One of the many footnotes that came with the announcement of Android 4.4 KitKat was the inclusion of native screen recording. This was pitched as a tool for developers to easily make video demos of apps, but we at Android Police were obviously pretty pleased as well. Google was a bit vague about how the functionality would be accessible, except to point to the developer tools. Now that the Nexus 5 is in the wild, we can take it for a spin and see what this feature can do.
Ryan is a tech/science writer, skeptic, lover of all things electronic, and Android fan. In his spare time he reads golden-age sci-fi and sleeps, but rarely at the same time. His wife tolerates him as few would.
He's the author of a sci-fi novel called The Crooked City, which is available on Amazon and Google Play. http://goo.gl/WQIXBM
Google finally unveiled KitKat last week, but you may have noticed something was missing. Yes, there was no news on the so-called Google Experience Launcher. Earlier leaks led us to suspect that Google's homescreen experience was coming to more Android devices, but the big day came and went with no mention. Recent revelations about how the Android 4.4 homescreen works breathe new life into the possibility of a more Googley experience for all.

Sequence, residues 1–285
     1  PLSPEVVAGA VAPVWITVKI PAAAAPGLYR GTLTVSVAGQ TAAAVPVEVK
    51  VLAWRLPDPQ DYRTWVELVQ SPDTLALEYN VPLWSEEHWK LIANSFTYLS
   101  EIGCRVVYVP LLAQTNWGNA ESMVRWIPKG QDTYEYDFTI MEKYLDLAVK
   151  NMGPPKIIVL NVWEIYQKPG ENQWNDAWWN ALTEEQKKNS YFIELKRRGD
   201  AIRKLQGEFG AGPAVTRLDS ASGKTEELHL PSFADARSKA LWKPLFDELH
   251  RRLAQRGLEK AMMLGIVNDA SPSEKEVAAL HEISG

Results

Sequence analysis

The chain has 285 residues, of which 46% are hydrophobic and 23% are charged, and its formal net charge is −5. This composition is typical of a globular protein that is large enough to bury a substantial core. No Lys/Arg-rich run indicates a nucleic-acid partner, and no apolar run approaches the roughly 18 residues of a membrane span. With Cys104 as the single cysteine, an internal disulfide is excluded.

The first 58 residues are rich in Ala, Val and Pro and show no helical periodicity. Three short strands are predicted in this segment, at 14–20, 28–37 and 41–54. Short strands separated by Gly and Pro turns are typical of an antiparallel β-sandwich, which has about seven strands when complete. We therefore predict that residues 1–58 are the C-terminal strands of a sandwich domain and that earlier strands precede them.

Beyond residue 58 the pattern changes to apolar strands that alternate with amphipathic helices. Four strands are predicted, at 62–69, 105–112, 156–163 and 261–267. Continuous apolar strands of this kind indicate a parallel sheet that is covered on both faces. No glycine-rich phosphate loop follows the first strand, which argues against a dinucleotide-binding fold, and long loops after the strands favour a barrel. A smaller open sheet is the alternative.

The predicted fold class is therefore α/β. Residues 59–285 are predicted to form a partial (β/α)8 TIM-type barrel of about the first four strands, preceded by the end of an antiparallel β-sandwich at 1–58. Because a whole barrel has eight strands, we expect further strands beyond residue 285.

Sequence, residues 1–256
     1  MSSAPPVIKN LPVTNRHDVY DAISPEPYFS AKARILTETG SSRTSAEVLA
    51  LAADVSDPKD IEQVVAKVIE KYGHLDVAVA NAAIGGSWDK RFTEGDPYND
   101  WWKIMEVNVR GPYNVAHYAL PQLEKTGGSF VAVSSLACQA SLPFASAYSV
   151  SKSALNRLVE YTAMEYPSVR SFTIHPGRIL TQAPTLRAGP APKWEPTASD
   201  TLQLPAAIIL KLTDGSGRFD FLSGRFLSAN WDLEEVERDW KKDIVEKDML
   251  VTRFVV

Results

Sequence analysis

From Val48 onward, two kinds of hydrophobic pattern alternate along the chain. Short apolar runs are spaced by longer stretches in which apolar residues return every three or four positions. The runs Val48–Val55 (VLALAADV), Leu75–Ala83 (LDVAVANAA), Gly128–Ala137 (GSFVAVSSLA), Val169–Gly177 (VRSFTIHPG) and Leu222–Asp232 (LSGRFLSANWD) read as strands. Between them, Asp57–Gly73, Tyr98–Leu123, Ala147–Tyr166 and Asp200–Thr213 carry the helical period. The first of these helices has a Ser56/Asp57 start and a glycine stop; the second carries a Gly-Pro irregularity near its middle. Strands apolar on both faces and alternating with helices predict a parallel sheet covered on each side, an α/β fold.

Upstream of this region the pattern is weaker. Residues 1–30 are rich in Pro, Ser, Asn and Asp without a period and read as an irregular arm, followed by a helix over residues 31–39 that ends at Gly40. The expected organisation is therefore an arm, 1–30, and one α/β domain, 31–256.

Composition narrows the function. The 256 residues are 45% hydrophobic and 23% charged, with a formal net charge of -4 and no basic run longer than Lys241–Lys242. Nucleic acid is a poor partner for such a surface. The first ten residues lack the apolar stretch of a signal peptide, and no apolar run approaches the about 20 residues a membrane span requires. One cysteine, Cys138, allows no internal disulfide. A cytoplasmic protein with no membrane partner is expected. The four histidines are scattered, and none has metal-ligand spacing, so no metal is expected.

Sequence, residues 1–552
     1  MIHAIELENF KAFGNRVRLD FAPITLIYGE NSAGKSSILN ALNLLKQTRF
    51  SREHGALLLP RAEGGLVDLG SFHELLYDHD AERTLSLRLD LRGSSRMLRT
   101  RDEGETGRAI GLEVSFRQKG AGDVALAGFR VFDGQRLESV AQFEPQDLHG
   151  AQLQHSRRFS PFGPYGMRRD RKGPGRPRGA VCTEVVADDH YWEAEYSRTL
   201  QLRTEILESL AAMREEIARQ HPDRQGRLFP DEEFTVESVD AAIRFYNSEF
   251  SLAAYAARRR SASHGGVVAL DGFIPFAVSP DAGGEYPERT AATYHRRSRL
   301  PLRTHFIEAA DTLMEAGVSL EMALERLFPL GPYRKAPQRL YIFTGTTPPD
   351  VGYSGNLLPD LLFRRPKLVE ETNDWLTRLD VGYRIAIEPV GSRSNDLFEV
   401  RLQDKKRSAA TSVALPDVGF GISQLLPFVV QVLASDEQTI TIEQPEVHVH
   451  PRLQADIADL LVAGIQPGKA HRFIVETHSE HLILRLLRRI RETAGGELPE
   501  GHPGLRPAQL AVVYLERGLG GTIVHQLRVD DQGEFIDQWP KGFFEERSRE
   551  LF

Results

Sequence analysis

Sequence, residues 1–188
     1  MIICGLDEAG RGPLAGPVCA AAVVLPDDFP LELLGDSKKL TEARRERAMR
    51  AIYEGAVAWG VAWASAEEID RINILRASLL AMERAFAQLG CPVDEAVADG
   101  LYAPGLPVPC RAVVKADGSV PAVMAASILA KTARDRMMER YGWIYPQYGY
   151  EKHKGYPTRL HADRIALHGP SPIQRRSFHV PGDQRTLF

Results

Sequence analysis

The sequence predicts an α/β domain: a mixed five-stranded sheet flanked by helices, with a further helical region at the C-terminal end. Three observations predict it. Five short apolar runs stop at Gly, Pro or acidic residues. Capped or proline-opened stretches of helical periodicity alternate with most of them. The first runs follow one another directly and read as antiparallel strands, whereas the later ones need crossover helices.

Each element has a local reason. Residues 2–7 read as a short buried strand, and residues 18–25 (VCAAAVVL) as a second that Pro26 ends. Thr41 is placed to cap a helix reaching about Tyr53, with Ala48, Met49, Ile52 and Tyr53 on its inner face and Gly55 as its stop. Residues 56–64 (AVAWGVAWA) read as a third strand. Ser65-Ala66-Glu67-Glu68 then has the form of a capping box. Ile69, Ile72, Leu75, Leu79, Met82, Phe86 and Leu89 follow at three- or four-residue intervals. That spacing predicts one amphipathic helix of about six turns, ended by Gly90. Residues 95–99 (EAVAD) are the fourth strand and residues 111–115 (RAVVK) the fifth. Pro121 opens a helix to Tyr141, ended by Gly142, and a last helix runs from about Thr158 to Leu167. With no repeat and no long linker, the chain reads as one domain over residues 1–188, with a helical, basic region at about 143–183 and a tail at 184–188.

Now that KitKat is finally out in the world, we're finding all sorts of little tweaks that make the new OS nicer to use. Google didn't give this particular feature a big headline on the Android site, but maybe it should have. Android 4.4 now lets you access your notifications from any full-screen app. This is a feature Samsung has included in TouchWiz for a while, so it's not entirely new to the world of Android.
Google has been talking up Snapseed and it's enhanced HDR mode in recent blog posts and events, but the Gallery-based photo editor is getting a boost in Android 4.4 as well. This new editor will be shipping with KitKat, but it's also part of AOSP.
The layout of the editor has been tweaked a bit and has support for both phones and tablets. A lot of the filters and effects were already present in the Gallery, but it looks like you have much finer control over things now.
As we're still basking in the afterglow of a big Android announcement, Google is back to the same old stuff. The developer dashboard has been updated with the freshest Android distribution numbers. This time Jelly Bean has hit a milestone just as it became the "old" version of Android.
According to Google's newest values, Jelly Bean is now on more than half of all Android devices – 52.1%. Keep in mind that includes all Jelly Bean versions from 4.1-4.3.